You don’t have to be a doom and gloomer to see that things are unravelling very quickly in our country. Two metrics are enough to prove the point: a drastic decline in the marriage and birth rates and the recent news that church-going Christians are now a minority within the U.S. Although William Butler Yeats wrote with the First World War and the 1918 flu pandemic in the background, his poem, “The Second Coming,” speaks as truly as ever:
Turning and turning in the widening gyre
The falcon cannot hear the falconer;
Things fall apart; the centre cannot hold;
Mere anarchy is loosed upon the world,
The blood-dimmed tide is loosed, and everywhere
The ceremony of innocence is drowned;
The best lack all conviction, while the worst
Are full of passionate intensity.
What can we do? How should the Church respond as things fall apart and the center gives way?
The Church does not have to come up with a new or innovative mission statement. Jesus gave it to us before his ascension: “Go therefore and make disciples of all nations, baptizing them in the name of the Father and of the Son and of the Holy Spirit, teaching them to observe all that I have commanded you; and lo, I am with you always, to the close of the age” (Mt 28:19-20). Although it may seem that talk of discipleship in the Church is just the latest ecclesial fad, forming committed followers of Jesus Christ is the great task that God has given us. It can be hard for Catholics to comprehend the need for discipleship since we focus so heavily on the external. Our sacramental life and doctrine are a great gift, yet they have to be internalized to take root within us. We might be tempted to say that we are Catholic simply because we have received the sacraments or attended a Catholic school, even if we never came to know God in a personal way. Discipleship puts forth the call to make a commitment to follow Jesus and to share in the mission to proclaim the good news to others.
The Church’s mission could be taken for granted more readily when the surrounding culture supported Christian morality. As we all know, those days are long gone. To form disciples now, we have to paddle against a raging current. Even if more difficult, the mission to form disciples is more necessary than ever — as a rescue mission to save our children from a deeply inhuman way of life. We can say with confidence that only friendship with Christ can help us through the minefield of our culture. This friendship blossoms most naturally in the family, with the support of the parish and the school.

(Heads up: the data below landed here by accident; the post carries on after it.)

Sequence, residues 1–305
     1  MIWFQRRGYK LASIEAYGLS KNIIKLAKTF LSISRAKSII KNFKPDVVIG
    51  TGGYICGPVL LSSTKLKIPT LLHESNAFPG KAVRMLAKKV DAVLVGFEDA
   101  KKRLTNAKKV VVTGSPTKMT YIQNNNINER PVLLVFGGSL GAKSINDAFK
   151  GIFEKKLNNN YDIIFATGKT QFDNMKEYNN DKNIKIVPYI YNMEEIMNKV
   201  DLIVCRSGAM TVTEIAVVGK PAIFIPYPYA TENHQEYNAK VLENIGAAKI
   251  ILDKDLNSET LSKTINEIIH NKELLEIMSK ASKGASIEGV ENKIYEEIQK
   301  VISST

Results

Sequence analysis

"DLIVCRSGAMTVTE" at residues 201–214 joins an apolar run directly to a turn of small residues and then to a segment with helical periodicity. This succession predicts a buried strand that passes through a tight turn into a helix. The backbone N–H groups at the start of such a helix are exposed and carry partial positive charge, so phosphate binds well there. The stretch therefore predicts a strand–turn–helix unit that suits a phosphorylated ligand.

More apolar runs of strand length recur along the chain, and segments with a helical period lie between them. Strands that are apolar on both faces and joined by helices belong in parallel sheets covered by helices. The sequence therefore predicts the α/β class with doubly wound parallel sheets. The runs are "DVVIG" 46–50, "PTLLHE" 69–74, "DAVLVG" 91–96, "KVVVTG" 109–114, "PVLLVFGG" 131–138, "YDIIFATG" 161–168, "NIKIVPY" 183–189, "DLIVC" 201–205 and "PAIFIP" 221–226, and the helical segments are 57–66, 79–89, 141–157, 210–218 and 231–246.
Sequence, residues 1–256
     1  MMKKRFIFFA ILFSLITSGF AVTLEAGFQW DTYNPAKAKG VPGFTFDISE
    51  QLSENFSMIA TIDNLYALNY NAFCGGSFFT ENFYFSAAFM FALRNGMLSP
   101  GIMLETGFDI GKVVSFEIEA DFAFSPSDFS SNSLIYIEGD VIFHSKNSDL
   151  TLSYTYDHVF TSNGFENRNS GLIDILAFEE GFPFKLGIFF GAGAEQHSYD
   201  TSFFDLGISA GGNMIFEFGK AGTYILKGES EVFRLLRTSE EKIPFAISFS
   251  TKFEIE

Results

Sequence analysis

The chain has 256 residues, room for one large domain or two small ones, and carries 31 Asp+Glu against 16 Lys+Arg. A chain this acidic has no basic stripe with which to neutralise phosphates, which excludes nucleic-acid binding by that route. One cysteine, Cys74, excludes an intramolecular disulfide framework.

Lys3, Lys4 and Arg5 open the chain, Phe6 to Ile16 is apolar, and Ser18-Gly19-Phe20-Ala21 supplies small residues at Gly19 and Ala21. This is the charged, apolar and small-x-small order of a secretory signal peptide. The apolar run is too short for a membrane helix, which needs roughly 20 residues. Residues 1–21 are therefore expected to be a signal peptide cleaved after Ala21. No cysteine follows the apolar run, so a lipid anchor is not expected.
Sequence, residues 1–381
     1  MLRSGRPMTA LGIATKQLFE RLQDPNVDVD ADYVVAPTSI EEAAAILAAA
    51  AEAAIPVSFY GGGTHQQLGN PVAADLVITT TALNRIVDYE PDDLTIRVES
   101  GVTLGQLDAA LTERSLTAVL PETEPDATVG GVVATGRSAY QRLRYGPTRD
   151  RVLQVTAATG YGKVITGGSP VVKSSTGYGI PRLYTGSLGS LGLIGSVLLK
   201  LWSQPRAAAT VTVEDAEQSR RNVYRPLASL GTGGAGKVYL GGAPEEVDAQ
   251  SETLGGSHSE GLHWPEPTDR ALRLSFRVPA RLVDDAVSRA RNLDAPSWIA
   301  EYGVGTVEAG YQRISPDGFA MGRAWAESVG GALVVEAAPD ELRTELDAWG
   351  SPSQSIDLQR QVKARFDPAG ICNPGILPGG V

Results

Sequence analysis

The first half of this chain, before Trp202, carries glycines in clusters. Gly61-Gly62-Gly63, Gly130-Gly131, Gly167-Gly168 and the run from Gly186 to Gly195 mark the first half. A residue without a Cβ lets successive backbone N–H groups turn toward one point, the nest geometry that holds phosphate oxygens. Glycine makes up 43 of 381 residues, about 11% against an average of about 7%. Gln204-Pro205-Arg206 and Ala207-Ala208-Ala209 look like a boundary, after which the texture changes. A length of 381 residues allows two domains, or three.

“Ours is not an age of change, but a change of the ages,” as the Pope likes to remind us. How can we help our kids to thrive in this brave new world where everything seemingly is up for grabs? They need to think and live like Christians, committing to follow Jesus before all else, even when it’s countercultural. To support them, first, we have to help them to recognize the joy of life, appreciating it as great gift that we have received from God. Second, we have to help them face the challenges of life head on with courage, seeing life as an adventure; true, one that’s full of danger and risk, but also one that invites us to do great things for God. Third, we have to teach them not only to be Christians, but also how to be human — to think and love rightly, rooted in healthy relationships and a commitment to what is greater than themselves as the only true path to happiness.
Our goal, therefore, has to be to teach our kids how to live as faithful Christians in the modern world. To do so, we have to become catechists of the Christian life, showing them how to make faith the center of our lives. If we don’t teach our kids how to live their faith in an integrated way every day, they will naturally follow the way of the world, floating with the stream. They need an apprenticeship in how to be a Christian today. Classes about the faith provide a foundation but are not enough to draw our kids into a Christian way of life, because following Jesus requires mentorship, with the role of parents by far the most influential. Living the faith together in daily life makes it come alive to our kids, shaping everything that they do in tangible ways.
This art of the Christian life includes prayer, work, character formation, and learning how to be strong in the face of difficulties. In addition, one of the key challenges we face in the family is technology. How can we be moderate in the use of technology, not allowing it to dominate us, but rather treating it as a useful tool? Emphasizing prayer and family time over technology makes an important statement about priorities. There must be a limit to technology’s saturation and a close monitoring of its content; technology is a good thing, but alternatives are just as important, forming the minds and imaginations of our kids by reading out loud together, singing, playing games, and spending time outdoors.
The world’s problems may be complicated and are certainly more than any one person can handle. Yet, the solution may be simple. Christ really is the answer, the true missing center that holds everything together and that can reintegrate the many things that have fallen apart. The rebuilding begins one person at a time. Jesus calls everyone to follow him — to become his disciple by imitating him and sharing in his mission. If we haven’t had the opportunity to say “yes” to Jesus’ invitation of becoming his disciple and growing in a personal relationship with him, now is the time! In the face of a brave new world, each one should be able to say, “I am a Christian and I will follow Christ, come what may.”
For more on how to form disciples concretely, see School of the Lord’s Service, a framework for forming disciples from the Office of Catholic Schools: archden.org/schoolofthelordsservice/.